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The 2006 Democrats, as Seen by Future Historians

The destruction of Iraq, the looting of the national treasury, and the unregulated growth of corporate power were not of concern to the Democrats headed into the midterm campaign of 2006. Even though the party had lost ground in three consecutive national elections, Democratic leaders cautioned their candidates against taking a stand on any of the pressing issues of the era.

Instead, the directive from the Democratic Leadership Council and other party brass became, “It’s the security issue, stupid.” Confident that all the party needed to do was prove that it was tougher than the Republicans, Democratic leaders leapt at any and all opportunities to show their mettle.

Senators Chuck Schumer and Hillary Clinton of New York took the lead in making the United Arab Emirates a new target of American enmity, singling out a Dubai concern’s attempt to own space in six U.S. ports as an obvious attempt by the U.A.E. to establish beachheads of terror on American shores. Even as Pentagon officials assured Americans that the U.A.E. were “very, very solid partners” with the U.S. military, the Democrats joined with Republicans in making the U.A.E. into another “Arab” enemy.

Across the country, the party eagerly sought to field war veterans as candidates for national office. In sum, more than 50 battle-tested Democrats entered the domestic fray. They did so with full knowledge that national service no longer served as a political shield. In the hands of Karl Rove, as Max Cleland and John Kerry could attest, a decorated veteran’s battle scars could become open wounds, and his medals of honor serve as bulls-eyes in a shooting gallery.

Although veteran Democratic Congressman Jack Murtha, a hawk, had made a splash in the fall of 2005 by becoming a dove in his call for an immediate withdrawal of U.S. troops from Iraq, few, if any of the party’s chosen candidates embraced Murtha’s position. By late February of 2006, Iraq had devolved into a daily bloodbath and civil war, with all sides angry at the U.S. presence. Public opinion polls in the U.S. registered substantial support for a clear exit strategy. But, aside from Murtha and a handful of others, the Democrats took no position on the war.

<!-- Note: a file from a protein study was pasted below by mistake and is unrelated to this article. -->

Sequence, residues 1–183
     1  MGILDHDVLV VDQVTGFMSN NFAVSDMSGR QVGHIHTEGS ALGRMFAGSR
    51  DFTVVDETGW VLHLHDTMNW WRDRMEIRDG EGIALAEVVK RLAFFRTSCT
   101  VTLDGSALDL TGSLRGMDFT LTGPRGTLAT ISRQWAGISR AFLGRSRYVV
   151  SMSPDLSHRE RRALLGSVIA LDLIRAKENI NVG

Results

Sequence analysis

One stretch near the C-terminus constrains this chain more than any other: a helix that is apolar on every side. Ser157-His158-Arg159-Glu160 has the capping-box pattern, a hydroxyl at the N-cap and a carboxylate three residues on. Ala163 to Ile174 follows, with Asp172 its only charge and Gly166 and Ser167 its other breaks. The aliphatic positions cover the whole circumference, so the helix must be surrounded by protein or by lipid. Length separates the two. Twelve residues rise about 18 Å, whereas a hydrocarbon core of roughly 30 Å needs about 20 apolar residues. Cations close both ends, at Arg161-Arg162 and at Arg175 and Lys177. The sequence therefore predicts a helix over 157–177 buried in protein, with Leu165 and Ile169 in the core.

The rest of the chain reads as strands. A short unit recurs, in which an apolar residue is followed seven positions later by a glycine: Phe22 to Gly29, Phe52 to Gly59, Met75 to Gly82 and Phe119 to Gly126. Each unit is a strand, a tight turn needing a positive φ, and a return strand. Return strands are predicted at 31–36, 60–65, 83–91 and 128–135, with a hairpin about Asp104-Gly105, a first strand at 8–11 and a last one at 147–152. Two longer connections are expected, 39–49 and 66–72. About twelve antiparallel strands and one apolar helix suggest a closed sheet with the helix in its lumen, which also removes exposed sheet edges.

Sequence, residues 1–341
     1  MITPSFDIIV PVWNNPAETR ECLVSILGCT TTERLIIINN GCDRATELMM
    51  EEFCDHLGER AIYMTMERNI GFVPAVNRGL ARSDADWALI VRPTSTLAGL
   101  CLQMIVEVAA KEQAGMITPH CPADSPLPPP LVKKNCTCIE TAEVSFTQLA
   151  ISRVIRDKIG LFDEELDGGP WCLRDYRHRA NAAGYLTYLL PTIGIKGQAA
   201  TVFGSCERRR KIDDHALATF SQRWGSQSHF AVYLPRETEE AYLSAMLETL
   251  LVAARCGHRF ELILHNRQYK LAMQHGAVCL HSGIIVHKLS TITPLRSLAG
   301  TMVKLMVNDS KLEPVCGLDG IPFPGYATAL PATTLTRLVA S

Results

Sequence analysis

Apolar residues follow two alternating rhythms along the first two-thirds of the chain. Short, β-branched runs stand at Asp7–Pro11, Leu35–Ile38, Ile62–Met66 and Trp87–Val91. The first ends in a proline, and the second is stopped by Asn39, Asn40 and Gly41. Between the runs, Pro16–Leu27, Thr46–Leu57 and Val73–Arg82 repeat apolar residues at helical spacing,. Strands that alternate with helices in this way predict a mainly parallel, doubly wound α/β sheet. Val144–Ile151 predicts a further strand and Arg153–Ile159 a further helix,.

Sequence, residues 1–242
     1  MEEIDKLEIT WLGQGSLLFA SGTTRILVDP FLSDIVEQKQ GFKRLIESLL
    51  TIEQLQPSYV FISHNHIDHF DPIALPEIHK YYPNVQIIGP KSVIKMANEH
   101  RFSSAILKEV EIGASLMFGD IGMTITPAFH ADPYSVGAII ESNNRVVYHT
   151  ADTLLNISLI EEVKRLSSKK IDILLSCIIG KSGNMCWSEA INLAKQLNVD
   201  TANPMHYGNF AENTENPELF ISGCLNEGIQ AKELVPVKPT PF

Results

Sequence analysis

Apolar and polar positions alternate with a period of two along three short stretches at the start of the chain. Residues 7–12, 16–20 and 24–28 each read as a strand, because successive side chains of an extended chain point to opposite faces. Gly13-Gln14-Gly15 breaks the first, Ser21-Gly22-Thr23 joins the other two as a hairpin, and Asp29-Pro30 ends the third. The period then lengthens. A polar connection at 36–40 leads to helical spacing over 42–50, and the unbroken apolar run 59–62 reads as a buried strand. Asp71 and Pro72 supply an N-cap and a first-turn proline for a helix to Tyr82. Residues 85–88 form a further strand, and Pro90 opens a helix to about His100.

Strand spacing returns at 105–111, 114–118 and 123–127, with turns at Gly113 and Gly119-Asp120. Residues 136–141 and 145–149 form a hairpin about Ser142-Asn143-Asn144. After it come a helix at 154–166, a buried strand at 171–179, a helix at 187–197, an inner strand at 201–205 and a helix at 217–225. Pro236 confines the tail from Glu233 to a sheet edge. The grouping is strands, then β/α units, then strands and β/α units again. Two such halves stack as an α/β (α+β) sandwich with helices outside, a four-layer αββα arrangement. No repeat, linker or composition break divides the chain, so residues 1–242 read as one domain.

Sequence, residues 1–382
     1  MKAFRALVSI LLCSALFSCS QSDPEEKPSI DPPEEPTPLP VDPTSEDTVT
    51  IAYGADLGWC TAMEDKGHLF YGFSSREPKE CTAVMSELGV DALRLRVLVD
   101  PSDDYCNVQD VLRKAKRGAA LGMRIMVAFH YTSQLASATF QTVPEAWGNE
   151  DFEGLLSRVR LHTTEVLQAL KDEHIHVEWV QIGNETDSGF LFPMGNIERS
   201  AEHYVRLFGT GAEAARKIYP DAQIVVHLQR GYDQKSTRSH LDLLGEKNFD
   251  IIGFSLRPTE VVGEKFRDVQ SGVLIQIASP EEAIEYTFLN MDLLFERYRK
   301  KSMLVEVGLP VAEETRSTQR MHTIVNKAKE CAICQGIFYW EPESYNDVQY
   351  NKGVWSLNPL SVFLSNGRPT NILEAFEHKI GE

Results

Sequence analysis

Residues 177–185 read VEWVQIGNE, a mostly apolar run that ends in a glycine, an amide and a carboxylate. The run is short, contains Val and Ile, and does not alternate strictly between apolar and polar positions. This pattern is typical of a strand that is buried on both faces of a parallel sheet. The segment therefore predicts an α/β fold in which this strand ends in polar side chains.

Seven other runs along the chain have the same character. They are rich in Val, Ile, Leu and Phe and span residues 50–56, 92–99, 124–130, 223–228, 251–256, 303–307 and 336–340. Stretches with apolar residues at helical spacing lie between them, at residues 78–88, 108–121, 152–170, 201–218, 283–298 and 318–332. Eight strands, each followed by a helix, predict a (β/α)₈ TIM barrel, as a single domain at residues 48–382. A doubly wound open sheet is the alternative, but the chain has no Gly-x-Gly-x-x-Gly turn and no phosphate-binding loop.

On the home front, the Democrats championed their support for expanded health care coverage, but many within the party remained reluctant to endorse single-payer, Medicare-for-all, national health insurance. Stalwart progressive Congressman John Conyers sponsored H.R. 676, calling for national health insurance, and many progressive congressional Democrats from urban areas signed on. But no Democratic senators expressed open support for H.R. 676, presumably because they didn’t want the party to be perceived as “anti-corporate.” A PEW study recorded 65 percent for national health care, but the party’s leadership sought to temper such enthusiasm.

The party also sought to distance itself from the issue of women’s reproductive rights. Formerly the party closely identified with the “pro-choice” position on abortion, a vital matter of individual freedom and public health, the party’s leaders backtracked on this issue as well. Senator Schumer was instrumental in pushing for Bob Casey, Jr., an anti-choice zealot, to become the party’s preferred candidate in the race to unseat arch-conservative Senator Rick Santorum in Pennsylvania. Casey wholeheartedly supported the nomination of arch-conservative Samuel Alito to the Supreme Court, even though Alito is a dedicated foe of women’s right to choose as well as an individual’s right to sue corporations. Pro-war, anti-choice, and a firm believer in corporate power, Casey promised to become the newest breed of “New Democrat.”

As the midterm election season began, the Democratic Party thus offered no alternative agenda to the Republicans, who promised endless war, more tax cuts, and the end of personal liberty, all in the name of “freedom.” The Democrats hoped that the Republicans’ various scandals as well as the Bush administration’s disastrous handling of Hurricane Katrina in New Orleans would make the voting public rally behind their calls for “better management” of the ship of state. But against the Republicans’ master strategist, Karl Rove, the Democrats appeared utterly rudderless.

To be continued…


Theodore Hamm


The Brooklyn Rail

MAR 2006

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